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tv   Nightly Business Report  PBS  March 13, 2019 5:00pm-5:31pm PDT

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>> announcer: this is "nightly business report" with bill we're going to be issuing an hibition order of p to ground all flights of the737 max 8 and the 737 max 9. >> tro u.s.ds boeing's popular plane. a major blow to the world's largest aerospace company. banner star. 2019 has been good to wall street and new milestones are within reach. big business. tonight we'll take a closer look at t fast-growing college consulting sector, an industry getting a lot of attention. those stories tonight on "nightly business report" for wednesday, march 13. and we do bid you a good evening, everybody, and welcome. the federal aviation
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administration today i aued emergency order grounding all boeing 737 max 8 and 9 planes in the united states. it's an action that doesnpp very often, and it marked a turn-around for t u.s., which had to this point supported the aircraft even as countries around the world were suspending its operations. shares of boeing, which had lost billions in market value this week managed to close higr in today's trade. the max jets are the company's best-selling aircraft. they account for almost one-third of boeing's operating profit. ntessa brewer is covering the story for us tonight and she joins us now. s >> nice to you, bill and sue. the faa gotef newlyed satellite data that led to the decision to ground these boeing maxft airc the grounding is temporary while the investigation continues, but boy is it dramatic reversal from the support the faa was voicing even late yesterday out the safety of the aircraft. the acting faa administrator
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talked aut how this new information led them to see similarities in the two deadly crashes. a likeness in the aircraft movement of the ethiopian airlines crash and the lionir crash. >> the full track of the flight, ethiopian flight was very close to lion air. the initial track we got on sunday and monday morning was only three minutes the new track data we looked at was almost the entire length of the flight. alsovihence that we discovered on the ground actually was even further evidence that the flight was very simar to lion air. >> and the order actually says that an emergency exists. d thea recorder and cockpit voice recorder were damaged so special equipment is needed to extract information from them. they'll go to france. ethiopia leads the investigation out a ght aware sent
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statement saying it and its partners at aerion provided data on flight 302. it's part of the information they use to monitor planes globally. it was given to the faa monday ania can officials tuesday night. by wednesday morning canadian officials have reversed course and grounded the planth. the u.s. authority said once they refined the data, they followed suit today. reaction to the grounding of these gplanes, boe says we're supporting this proactive step out of an abundance of caution. safety is a core value at boeing fore as long as ween building airplanes, it always will be. there's no greater priority for our company and our industry. after plummeting 3.5% on the news, boeing's share price rebounded and closed up half a percent. united, southwest and american all say they areoing to work to get these passengers rebooked on other flights so it causes as little headache as possible. >> and all of those airline stocks finished higher todays well. contessa brewer, thank you, as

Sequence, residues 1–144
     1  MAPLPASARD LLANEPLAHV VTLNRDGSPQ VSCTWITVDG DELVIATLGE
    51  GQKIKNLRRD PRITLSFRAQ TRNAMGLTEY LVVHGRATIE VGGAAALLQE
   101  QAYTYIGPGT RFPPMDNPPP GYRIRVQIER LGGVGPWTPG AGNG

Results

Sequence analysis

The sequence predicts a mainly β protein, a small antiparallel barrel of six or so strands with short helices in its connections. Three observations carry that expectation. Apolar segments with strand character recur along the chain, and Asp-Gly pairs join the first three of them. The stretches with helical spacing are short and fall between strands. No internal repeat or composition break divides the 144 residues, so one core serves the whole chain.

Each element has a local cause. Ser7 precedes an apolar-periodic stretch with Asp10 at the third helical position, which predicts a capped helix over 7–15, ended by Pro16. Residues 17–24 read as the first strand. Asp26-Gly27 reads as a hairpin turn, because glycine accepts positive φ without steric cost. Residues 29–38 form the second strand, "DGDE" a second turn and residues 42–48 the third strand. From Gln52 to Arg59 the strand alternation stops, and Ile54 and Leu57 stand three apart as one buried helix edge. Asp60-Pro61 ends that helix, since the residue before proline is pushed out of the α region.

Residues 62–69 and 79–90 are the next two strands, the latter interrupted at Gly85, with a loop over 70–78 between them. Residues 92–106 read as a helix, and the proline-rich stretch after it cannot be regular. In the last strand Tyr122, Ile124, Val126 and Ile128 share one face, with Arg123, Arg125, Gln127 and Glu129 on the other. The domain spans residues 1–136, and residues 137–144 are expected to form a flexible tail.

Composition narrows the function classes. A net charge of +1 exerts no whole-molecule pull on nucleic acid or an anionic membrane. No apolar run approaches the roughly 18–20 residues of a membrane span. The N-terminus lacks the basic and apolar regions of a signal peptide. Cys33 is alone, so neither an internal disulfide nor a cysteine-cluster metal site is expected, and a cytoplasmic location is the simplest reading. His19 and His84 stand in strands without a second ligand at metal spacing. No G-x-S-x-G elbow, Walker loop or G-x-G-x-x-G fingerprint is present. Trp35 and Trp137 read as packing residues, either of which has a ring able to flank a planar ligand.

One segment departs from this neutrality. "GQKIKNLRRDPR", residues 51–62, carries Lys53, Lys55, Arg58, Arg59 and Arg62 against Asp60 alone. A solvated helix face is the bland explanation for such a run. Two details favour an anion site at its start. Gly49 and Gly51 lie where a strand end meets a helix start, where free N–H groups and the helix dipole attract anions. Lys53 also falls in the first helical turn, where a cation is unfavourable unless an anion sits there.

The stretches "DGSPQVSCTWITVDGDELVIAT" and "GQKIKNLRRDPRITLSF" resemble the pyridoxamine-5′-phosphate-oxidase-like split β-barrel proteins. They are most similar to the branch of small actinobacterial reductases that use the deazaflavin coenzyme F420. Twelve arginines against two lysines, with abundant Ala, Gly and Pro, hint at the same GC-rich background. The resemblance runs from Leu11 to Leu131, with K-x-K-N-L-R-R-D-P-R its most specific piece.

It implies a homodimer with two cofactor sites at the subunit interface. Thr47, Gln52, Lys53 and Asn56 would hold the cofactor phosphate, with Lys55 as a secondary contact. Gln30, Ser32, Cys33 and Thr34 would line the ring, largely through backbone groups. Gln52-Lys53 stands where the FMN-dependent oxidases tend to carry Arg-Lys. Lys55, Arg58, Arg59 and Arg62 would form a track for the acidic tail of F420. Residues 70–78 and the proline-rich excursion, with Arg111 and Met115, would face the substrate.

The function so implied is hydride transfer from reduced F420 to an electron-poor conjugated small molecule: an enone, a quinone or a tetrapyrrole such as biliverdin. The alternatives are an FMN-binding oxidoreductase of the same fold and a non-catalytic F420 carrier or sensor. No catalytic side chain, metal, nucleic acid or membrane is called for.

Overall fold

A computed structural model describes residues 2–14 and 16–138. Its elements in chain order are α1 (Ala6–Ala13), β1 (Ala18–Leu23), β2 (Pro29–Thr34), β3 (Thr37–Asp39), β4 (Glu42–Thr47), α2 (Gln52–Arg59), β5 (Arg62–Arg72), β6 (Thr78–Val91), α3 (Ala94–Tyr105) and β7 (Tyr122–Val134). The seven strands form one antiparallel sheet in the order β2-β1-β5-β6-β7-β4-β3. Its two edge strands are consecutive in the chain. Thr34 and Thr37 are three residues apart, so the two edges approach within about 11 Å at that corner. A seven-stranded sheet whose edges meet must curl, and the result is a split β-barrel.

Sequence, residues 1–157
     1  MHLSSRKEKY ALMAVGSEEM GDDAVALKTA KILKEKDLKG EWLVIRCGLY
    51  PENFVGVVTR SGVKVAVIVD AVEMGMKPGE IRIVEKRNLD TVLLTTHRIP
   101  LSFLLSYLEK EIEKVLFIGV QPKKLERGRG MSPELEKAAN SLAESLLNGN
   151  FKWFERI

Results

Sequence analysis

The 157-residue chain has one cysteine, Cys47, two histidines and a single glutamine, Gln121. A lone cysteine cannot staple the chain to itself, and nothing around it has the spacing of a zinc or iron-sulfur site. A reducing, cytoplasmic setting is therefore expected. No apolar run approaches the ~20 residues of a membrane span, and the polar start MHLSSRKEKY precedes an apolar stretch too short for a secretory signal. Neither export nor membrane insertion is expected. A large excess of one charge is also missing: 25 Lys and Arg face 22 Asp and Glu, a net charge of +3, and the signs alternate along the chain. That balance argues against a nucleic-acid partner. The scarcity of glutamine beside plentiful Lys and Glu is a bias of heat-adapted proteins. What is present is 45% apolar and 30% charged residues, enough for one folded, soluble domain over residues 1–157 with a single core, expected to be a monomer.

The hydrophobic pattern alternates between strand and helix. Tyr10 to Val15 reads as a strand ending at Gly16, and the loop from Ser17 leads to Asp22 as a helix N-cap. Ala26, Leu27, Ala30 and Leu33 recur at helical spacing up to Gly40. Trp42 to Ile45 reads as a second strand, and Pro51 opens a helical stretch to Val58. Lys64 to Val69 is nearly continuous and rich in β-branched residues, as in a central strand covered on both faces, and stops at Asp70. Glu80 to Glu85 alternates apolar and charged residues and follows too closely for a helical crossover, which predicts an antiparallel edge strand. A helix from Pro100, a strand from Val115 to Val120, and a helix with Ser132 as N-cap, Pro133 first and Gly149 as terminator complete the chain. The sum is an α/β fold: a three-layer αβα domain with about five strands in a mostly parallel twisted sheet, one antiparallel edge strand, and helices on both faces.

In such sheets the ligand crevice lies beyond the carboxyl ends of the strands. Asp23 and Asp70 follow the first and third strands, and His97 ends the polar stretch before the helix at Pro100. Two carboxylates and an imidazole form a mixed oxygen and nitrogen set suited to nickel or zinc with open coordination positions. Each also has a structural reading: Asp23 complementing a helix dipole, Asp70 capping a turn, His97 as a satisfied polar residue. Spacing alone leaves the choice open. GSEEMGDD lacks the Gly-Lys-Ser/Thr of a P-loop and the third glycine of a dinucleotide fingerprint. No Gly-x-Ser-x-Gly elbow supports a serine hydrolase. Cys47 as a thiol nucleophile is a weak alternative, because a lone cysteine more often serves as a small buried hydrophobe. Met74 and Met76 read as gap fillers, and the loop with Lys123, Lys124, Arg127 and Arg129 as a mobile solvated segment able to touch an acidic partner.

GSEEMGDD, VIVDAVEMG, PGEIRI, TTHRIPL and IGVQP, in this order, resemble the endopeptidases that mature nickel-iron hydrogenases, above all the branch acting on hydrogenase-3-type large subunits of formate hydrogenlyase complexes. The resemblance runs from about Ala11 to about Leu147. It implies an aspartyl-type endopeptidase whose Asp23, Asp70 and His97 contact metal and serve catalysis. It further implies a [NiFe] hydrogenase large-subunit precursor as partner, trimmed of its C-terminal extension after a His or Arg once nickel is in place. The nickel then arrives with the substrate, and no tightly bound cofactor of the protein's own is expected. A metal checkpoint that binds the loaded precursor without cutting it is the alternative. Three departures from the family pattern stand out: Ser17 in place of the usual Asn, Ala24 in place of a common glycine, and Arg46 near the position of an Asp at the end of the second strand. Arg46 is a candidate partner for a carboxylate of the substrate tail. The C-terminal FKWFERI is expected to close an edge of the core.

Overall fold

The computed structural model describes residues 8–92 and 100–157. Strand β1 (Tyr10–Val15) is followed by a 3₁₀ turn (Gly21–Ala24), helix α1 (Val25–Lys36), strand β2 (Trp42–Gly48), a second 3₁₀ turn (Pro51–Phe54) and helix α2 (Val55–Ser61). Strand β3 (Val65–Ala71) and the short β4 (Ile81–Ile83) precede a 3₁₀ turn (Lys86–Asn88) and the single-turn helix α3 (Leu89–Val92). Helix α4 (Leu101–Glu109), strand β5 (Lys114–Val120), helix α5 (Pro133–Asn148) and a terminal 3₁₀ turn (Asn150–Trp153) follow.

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always. turning toall street, the s&p 500 hit a new high thanks to a rise in technology shares and economic data that showed stability in the manufacturing sector and mutedinflation. the dow jones industrial average rose 148 points to 25,702. the nasdaq added 52 and the s&p 500 was 19. we're almost midway through march, and if things continue t hu along, the market could ending the quarter m new milestones. dominic chu takes a look. >> it's been a banner start tohe 2019 for stock market. if the s&p 500 can stay above a gain of12%, we will be on pace for the best first quarter performance for that large capc index sin the start of 1998. now, during that quter, the s&p gained nearly 14%. but it's not the only part of the market that's moving up at a break-neck pace. after gteting bn down during the final weeksfnd months 2018.
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the nasdaq composite is up arou 15% so far this year, meaning it's on pace to have ist uarter to start a year since the year 2012. drilling down into aouple of key industry groups to watch, transportation stocks, often a focus for traders and investors, as al possible s for overall economic activity. the dow jones transportation index is up around 13% so far this first quarter, meaning it is on pace for its best quarter to start a year since computer chip stocks also on a tear with the semi conductor etf up around 19% quarter to date. if things stayhis way, it will be the best q1 since the inception of the fund going all the way back to the year 2000. something to keep an eye on as well is the current level of the s&p 500. we've seen a stalling out here over the course of e past last few weeks. oi will be a key hurdle if stocks are to resume their run to reclaim record highs.